You can also access this via the Devices menu, and confirm the existing setup steps that are present:

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Once that’s done, it’s activated on your watch.

You can now go onto your watch into the ‘Apps’ list. This is the same place you’d go to start a Run/Bike/etc. Scroll far enough and you’ll eventually see ECG in the list:

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Then, rest your arm and wrist on a table, and place your thumb and index finger on the metal ring/bezel. Do ensure whatever wrist you set up in Garmin Connect Mobile is the same wrist you’re wearing it for here.


Finally, the ECG starts and you’ll wait 30 seconds. As you wait you’ll see the waveform displayed in real-time, as well as your heart rate and a count-down. If you move too much or otherwise do something unexplainable, it’ll prompt a failure message.


Once it’s done, you’ll immediately get your result. This happens entirely locally to the watch, and there is no connectivity required at this time. Within the results you can scroll left/right along the waveform, as well as select any symptoms you might have had.


These logged symptoms and full results are then saved with that specific ECG result to both the watch as well as Garmin Connect (mobile and platform):

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Meanwhile, back on Garmin Connect Mobile you can see the full results of your ECG (and historical ones), as well as export out a PDF of the ECG to give to a doctor (or, you know, social media). Here’s an example of a PDF export:


And it’s a simple as that. In fact, by design, it’s supposed to be simple. That’s somewhat the entire purpose of this being a regulated over-the-counter medical device, it’s supposed to be hard (if not impossible) to screw up. Speaking of which, let’s quickly dive into some FDA bits.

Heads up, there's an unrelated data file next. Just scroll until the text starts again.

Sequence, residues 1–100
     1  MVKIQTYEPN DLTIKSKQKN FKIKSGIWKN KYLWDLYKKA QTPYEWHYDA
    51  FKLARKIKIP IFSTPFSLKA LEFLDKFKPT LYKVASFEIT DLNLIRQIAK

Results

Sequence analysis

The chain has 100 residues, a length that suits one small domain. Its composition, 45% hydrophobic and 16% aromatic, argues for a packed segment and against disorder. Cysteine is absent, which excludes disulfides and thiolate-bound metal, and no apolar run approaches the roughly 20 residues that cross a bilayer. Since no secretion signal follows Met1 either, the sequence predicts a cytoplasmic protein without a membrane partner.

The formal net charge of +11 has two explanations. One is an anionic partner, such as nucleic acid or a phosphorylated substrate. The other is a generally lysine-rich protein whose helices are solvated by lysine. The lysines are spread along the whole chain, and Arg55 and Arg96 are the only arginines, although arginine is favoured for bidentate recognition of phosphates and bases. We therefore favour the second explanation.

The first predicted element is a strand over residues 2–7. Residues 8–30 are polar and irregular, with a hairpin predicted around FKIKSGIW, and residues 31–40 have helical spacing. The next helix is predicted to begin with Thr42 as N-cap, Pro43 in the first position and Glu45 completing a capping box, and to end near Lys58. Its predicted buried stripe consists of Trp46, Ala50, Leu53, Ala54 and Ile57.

Clinical Trials, FDA Approval, Other Regions:

It’s worthwhile to take a brief detour to touch on the clinical trials and FDA approval for the ECG App. You may remember about a year ago I detailed out where Garmin stood on clinical trials for their ECG app. The cool part about this is that all of it’s public. The tests, the facilities involved, user counts, and even test protocol. Of course, that assumes said company files all of this under their actual company name. Garmin being Garmin, they did. Apple? Less so – using shell companies to hide that Apple was actually working on it. Of course, Apple was first on the market in the watch form factor, so hiding their work was important from a competitive side.

Without getting too into the weeds, Garmin had initially filed the trials to include 460 participants, however, by the end, they had included 568 participants. In talking to various industry folks, that’s pretty normal, as participants that were initially included are occasionally removed from the study later on. That can be because the individual might not have met the criteria (more on that in a second) upon further inspection, or perhaps there were protocol errors in their sample. You’d expect to see some increase between the projected number and the final number. Next month, the FDA will publish Garmin’s full summary, which will give us even more details in a final report form.

The key thing to understand though is that Garmin isn’t certifying the Venu 2 Plus as a medical device. Rather, they’re certifying the “ECG App” running atop the Venu 2 Plus, and specifically, their proving to the FDA that it was “substantially equivalent” to an existing FDA-cleared device. In this specific case, Garmin was proving substantial equivalence to Apple’s implementation.